An international coalition of consumer watchdogs says Nuance Communications is violating the privacy of children who play with two toys that use the Burlington company’s speech-recognition software.
The toys, My Friend Cayla and i-Que Intelligent Robot, use Nuance software to answer questions posed by children. But in complaints they expect to file with federal regulators on Tuesday, the consumer groups allege that Nuance is saving recordings of those interactions with children for future use without providing adequate warning to parents, in violation of a 1998 federal law to protect the online privacy of minors.
Both toys are made by Genesis Toys of Los Angeles, which will also be named in a complaint to the Federal Trade Commission. Neither Genesis Toys nor Nuance could be reached for comment Monday.
“My Friend Cayla and i-Que toys are spying on children, and sharing their intimate conversations with Genesis, Nuance, and unknown third parties,” said Josh Golin, executive director of the Boston-based Campaign for a Commercial Free Childhood, one of the organizations that plans to file the complaint with the FTC.
“Any Internet-connected product for children should make abundantly clear exactly who a child’s sensitive data is being shared with and for what purpose.”
Other groups backing the complaint include Consumers Union, which publishes Consumer Reports magazine, and the Electronic Privacy Information Center (EPIC).
The coalition also includes several groups based in Europe, such as the Norwegian Consumer Council, that are expected to file similar complaints Tuesday with regulators for the European Union, France, the Netherlands, Belgium, Ireland, and Norway.
My Friend Cayla carries a starting price of about $40 but more costly versions are available.
The I-Que Intelligent Robot costs about $130.
Both are available through Amazon.com; My Friend Cayla is also sold at other retailers including Walmart, Sears, and Toys ‘R’ Us.
Both toys use Bluetooth wireless radio to connect to a software app to run a nearby mobile device, such as a smartphone or a tablet.
The mobile device relays data between the toy and Nuance over the Internet.
A child can ask questions of the toy, such as “Who wrote Alice in Wonderland?”
Her voice is then transmitted to a Nuance data center, which translates the question into text and sends a reply to the toy, in the form of a synthesized voice.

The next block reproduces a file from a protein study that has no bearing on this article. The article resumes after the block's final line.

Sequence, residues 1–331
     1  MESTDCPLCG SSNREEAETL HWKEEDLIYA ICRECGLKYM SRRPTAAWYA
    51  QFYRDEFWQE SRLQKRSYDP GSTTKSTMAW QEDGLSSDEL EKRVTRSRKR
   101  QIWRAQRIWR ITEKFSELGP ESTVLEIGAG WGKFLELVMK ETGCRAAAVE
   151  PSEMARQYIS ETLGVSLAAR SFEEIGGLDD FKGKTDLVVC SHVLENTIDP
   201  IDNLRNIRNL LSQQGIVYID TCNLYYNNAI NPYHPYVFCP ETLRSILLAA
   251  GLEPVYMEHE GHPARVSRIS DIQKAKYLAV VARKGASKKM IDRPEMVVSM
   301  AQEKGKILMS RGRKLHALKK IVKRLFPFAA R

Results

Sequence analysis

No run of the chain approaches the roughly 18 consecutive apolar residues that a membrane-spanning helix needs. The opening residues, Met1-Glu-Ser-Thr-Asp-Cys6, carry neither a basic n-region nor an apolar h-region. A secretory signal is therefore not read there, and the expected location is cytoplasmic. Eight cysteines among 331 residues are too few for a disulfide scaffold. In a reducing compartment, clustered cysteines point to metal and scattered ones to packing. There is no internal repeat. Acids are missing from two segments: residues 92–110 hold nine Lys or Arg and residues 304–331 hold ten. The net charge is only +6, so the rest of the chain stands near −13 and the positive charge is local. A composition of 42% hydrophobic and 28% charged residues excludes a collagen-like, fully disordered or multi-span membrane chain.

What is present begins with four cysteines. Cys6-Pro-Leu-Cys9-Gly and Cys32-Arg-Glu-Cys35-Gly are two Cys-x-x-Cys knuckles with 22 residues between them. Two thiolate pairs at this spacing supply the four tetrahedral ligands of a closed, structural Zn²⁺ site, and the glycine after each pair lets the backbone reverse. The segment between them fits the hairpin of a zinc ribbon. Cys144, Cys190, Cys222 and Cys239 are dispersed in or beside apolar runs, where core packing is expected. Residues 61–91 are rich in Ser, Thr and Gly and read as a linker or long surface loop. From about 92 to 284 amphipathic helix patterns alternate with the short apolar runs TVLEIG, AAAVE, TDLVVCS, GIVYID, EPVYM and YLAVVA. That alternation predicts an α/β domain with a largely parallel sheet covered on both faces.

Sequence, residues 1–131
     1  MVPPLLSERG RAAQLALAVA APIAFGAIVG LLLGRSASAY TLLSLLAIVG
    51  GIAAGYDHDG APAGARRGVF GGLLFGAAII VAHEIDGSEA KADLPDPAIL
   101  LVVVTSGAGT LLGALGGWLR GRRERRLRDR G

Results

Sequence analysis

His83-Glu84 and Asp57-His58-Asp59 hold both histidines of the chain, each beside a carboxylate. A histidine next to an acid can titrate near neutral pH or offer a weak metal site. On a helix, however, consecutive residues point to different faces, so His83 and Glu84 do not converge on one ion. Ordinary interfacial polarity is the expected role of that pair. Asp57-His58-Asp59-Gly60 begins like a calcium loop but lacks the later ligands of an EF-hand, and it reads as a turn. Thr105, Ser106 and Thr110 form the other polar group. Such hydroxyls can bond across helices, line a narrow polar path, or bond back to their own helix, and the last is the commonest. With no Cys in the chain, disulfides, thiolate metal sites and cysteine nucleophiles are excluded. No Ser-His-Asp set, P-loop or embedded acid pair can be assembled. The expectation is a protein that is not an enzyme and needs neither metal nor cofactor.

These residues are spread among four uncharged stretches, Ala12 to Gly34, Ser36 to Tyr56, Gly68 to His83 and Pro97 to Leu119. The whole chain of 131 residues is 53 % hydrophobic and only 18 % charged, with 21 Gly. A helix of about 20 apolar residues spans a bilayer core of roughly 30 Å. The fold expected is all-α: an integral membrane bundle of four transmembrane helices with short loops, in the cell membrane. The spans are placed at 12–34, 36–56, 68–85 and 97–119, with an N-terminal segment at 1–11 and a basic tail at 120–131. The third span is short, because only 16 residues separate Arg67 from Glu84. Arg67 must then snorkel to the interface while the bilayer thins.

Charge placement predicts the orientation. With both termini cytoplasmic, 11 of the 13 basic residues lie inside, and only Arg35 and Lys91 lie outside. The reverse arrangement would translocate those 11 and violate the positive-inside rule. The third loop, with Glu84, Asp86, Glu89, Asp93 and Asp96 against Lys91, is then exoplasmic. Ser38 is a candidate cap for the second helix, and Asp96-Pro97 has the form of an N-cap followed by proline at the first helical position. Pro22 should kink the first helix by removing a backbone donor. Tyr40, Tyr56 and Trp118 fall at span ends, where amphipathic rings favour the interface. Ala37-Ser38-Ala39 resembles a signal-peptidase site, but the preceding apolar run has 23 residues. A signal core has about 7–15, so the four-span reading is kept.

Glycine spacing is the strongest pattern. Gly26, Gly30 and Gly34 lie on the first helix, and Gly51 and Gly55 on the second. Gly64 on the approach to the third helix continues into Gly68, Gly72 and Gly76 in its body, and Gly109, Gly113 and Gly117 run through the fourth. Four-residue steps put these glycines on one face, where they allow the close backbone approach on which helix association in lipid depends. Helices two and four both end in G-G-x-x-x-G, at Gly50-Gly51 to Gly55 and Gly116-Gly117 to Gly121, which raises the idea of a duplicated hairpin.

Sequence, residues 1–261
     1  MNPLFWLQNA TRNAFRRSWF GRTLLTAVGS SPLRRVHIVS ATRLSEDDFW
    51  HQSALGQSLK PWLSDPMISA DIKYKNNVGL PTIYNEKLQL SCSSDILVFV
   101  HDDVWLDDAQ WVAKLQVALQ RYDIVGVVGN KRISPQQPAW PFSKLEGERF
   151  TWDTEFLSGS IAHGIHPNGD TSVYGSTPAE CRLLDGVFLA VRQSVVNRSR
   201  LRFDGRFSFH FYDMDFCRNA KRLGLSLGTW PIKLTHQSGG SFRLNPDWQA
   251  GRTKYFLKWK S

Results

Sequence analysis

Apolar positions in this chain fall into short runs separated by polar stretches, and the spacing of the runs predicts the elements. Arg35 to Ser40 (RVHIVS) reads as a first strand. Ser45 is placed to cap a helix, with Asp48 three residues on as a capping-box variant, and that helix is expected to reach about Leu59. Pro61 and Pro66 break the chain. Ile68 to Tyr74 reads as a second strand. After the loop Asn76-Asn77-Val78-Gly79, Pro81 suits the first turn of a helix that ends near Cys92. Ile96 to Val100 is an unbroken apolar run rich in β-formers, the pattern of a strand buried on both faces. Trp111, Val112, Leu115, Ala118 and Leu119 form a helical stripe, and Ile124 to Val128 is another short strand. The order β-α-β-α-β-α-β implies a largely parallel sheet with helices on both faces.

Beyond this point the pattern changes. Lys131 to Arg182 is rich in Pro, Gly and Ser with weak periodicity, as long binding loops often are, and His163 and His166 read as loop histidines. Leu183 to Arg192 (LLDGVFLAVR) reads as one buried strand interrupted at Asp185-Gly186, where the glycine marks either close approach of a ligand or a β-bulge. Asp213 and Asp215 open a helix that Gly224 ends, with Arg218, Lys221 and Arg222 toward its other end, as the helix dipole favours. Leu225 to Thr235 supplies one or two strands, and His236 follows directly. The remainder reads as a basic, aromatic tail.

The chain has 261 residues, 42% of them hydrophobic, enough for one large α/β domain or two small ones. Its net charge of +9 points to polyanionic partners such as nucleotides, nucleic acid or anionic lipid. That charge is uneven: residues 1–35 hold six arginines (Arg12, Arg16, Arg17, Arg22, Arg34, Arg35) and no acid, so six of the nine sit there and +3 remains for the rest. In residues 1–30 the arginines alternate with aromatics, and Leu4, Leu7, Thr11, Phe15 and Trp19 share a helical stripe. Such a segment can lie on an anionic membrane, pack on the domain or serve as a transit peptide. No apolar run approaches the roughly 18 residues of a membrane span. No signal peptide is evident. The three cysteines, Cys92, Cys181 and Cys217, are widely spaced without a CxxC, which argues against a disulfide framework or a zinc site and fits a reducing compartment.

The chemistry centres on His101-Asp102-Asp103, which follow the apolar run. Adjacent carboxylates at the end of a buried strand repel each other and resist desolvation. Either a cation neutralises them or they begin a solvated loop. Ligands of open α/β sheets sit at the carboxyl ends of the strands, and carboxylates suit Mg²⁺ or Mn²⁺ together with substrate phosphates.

In this way, a child can talk to the toy about an endless variety of topics.
But what happens to the digital recording of the child’s voice?
According to the consumer groups, Nuance’s service contract with Genesis Toys stipulates the Massachusetts company will store the recordings and analyze them to improve the performance of the toys and of other products and services.
That, the groups said, violates a federal law that sets strict limits on the collection of data from anyone under age 13.
The Genesis toys are not the first to fall under suspicion because of the way they connect children to the Internet.
Mattel Corp.’s Hello Barbie, a talking doll with Internet-based speech recognition, came under fire last year for security flaws that might allow hackers to access a child’s recorded words. Mattel said it has fixed security flaws in its servers, and moreover, the doll did not collect any sensitive information from children.
Nuance was peripherally involved in a case involving Samsung Electronics, whose Smart TV used the company’s speech software to recognize verbal commands of watchers.
In 2015, EPIC filed a complaint with the FTC alleging that the TVs could pick up unrelated conversations — and transmit those recordings to Nuance.
Samsung subsequently clarified its policy that the software collected only the commands that watchers directed at the TV.
Claire Gartland, the director of EPIC’s consumer privacy project, said federal law requires that any data collected from a child be used only to provide specific services for that child, and that it must then be deleted.
“Children aren’t turning their information over so that Nuance can spiff up its voice- recognition technology,” Gartland said.
Both Genesis toys are also vulnerable to hacking because Genesis has not developed adequate security features, the consumer groups allege.
Researchers at the Norwegian Consumer Council found that they could use a Bluetooth-equipped mobile device to take control of the toys and eavesdrop on a child’s conversation — and even talk back to the child.
Finn Myrstad, director of digital policy for the Norwegian Consumer Council, said that Genesis was informed of the problem a year and a half ago, but has not fixed it.
Myrstad’s group also found that the My Friend Cayla doll appears to be preprogrammed to deliver oral advertisements for products from Walt Disney Co. For instance, the doll says her favorite movie is Disney’s “The Little Mermaid” and that she loves to visit Disneyland.
The complaint alleges that including such advertising in a toy constitutes a deceptive business practice under federal law.